The full release over the past year of AR development platforms such as Apple’s ARKit, Google’s ARCore and uSens AR, as well as broader adoption of AR-ready phones, means that the opportunity to reach consumers with immersive experiences that merge online and offline worlds will be bigger than ever this holiday season.
AR is becoming a part of the conversation after test campaigns from numerous brands have shown positive responses, meaning that the technology’s influence could be seen in stores, in ads and for shopping this holiday season, offering a glimpse at how marketers’ initial efforts are likely to progress to the next stage. A few highlights from the past year include Jordan Brand’s recreation of Michael Jordan’s iconic free throw dunk to sell sneakers on Snapchat while Lowe’s is one of a growing number of retailers leveraging AR in a branded app so users can envision what a purchase would like in their homes.
"The biggest development in AR marketing is that brands are seeking out immersive media for more than just advertising," Vince Cacace, CEO at AR marketing platform Vertebrae, told Marketing Dive. "Major brands like Ikea, Converse, Lionsgate and BMW have been creating unique immersive media experiences, but now we're also seeing 3D and AR used directly on the product page as a commerce opportunity.”
Standing out in a crowd
Global spending on AR and virtual reality (VR) products and services is expected to nearly double to $27 billion this year, according to research from the International Data Corporation (IDC) cited by ZDNet. Spending on AR and VR is forecast to see a five-year compound annual growth rate of 72% between 2017 and 2022, the research predicts, highlighting that marketers have just scratched the surface of the potential for immersive reality tech.
With mobile forecast to play a major role in holiday shopping this year, AR offers a way to encourage trial and drive conversions. And with Shopify recently bring AR shopping to mobile websites for its retail customers, this means that AR won't just be for major retailers this year and will become more apparent across small and medium-size merchants.
AR ads are likely to be one highlight this holiday season, with Facebook ramping up in this area in advance of the crucial marketing period with brands like Michael Kors. The format, which is rolling out for retail, fashion, cosmetics, gaming and entertainment brands, will augment the digital shopping experience so that consumers can try on an item and purchase it through the AR experience.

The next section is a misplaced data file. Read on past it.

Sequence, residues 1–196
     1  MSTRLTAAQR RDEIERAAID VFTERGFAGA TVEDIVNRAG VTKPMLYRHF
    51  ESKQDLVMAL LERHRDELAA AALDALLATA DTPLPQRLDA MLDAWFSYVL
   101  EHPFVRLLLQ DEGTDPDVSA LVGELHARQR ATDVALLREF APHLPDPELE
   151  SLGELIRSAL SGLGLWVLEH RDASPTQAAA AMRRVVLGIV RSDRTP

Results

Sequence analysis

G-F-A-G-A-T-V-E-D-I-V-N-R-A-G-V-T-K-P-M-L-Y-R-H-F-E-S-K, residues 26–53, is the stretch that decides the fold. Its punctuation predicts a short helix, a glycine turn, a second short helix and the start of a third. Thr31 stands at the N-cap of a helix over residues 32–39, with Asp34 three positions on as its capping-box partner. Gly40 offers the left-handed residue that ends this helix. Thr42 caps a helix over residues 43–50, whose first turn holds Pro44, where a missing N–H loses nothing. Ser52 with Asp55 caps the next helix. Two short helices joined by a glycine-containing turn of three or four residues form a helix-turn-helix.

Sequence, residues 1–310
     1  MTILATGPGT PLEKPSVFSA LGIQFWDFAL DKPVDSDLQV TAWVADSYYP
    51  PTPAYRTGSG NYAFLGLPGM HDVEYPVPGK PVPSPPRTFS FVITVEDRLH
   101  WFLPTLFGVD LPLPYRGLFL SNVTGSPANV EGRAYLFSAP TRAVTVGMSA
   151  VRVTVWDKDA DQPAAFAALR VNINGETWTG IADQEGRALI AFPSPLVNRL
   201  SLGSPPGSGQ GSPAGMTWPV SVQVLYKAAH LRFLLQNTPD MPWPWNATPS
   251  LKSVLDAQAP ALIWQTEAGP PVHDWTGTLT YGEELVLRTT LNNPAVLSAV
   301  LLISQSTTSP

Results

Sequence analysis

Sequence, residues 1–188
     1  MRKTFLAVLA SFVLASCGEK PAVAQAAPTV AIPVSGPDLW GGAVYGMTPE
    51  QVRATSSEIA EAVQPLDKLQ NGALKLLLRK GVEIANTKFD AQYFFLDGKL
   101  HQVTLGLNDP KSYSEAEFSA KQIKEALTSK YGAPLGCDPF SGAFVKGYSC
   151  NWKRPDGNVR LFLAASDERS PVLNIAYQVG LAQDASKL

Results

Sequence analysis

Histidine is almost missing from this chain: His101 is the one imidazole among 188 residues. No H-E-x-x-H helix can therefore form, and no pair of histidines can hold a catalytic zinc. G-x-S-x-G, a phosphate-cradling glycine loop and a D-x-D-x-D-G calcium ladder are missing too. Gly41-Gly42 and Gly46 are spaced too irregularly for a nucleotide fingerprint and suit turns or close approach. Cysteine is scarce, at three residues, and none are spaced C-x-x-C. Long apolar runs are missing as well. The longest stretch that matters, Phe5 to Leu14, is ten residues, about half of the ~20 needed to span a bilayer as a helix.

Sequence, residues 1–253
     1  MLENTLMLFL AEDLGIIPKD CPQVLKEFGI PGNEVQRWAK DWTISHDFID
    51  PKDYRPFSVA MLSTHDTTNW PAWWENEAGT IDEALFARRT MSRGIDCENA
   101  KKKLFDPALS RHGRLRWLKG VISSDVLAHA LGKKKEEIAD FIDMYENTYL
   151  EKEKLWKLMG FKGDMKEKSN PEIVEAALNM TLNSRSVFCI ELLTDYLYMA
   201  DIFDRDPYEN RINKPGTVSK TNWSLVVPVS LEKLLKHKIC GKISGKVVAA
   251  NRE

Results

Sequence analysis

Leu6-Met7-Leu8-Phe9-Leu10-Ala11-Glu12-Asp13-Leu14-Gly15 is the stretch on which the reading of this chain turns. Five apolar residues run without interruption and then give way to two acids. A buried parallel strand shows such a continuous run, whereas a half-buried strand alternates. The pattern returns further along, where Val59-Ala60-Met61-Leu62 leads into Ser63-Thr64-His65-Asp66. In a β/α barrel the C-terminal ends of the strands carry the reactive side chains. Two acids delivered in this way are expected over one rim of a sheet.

“The market is still in its early stages but now that mobile phones are powerful enough to handle the load of AR campaigns, AR should be playing a much more prominent role in campaigns this year,” William McCormick, founder of Pure Knot, told Mobile Marketer.
“Facebook is hoping to have it ready by the holiday season so this is an incredible opportunity to stand out above the crowd and truly engage consumers,” added McCormick. “Experimenting with the effectiveness of these campaigns when they are available should be a priority.”
By enabling consumers to shop and try on items before making a purchase simply by using their AR-enabled devices, the technology has the potential to drive sales, including from print content. Hearst's Cosmopolitan magazine recently partnered with Macy's and AR developer Perfect Corp. on the publication's first print-to-digital beauty experience.
“With the holidays approaching, brands are starting to employ AR technology to give consumers an up-close look at potential purchases from the comfort of their homes, as well as to create shareable branded experiences conveying the sentiment of the giving season,” said Cacace.
Heading to the mall
But AR experiences won’t all be done from home this season. The popularity of Pokémon Go has made AR adventures in the real world commonplace among consumers. Mike Gasbara of Fabric Media Brands, expects brands to capitalize on these types of interactions, which he says have the potential to make in-store shopping fun.
While e-commerce will play a major role in holiday shopping, people still like to go to physical stores to shop during the holidays. Savvy brick-and-mortar retailers can attract traffic by enticing shoppers with special store-only offers. AR can make these offers fun and immersive.
“I am excited to see who leverages AR to merge it with the real world,” said Gasbara. “Whether it be a brand level, retailer level or even just a shopping mall level, I expect to see blending of the physical location with overlays from a mobile device.”
For instance, a shopper might visit a local mall and use an app to get a special offer from a brand at a particular retailer. A retailer like Best Buy could offer a discount on a Samsung television as a part of a gamified AR mobile experience.
“You're walking around the mall shopping with your friends and family and you get a push notification that you are super close to this exclusive promotion,” said Gasbara. “It takes place in the mall and only in the mall and it's like based off of location geographical feature.”
While early in adoption, new advances in technology means that AR glasses could become a more viable tool in 2018. If consumer adoption takes off, these devices could be the next big hardware technology that marketers should prepare for.
“Smartphone AR is seen as a stepping stone to AR glasses, but it’s important for marketers to experiment now to refine their campaigns so they can seize the opportunity that AR glasses will afford,” said McCormick.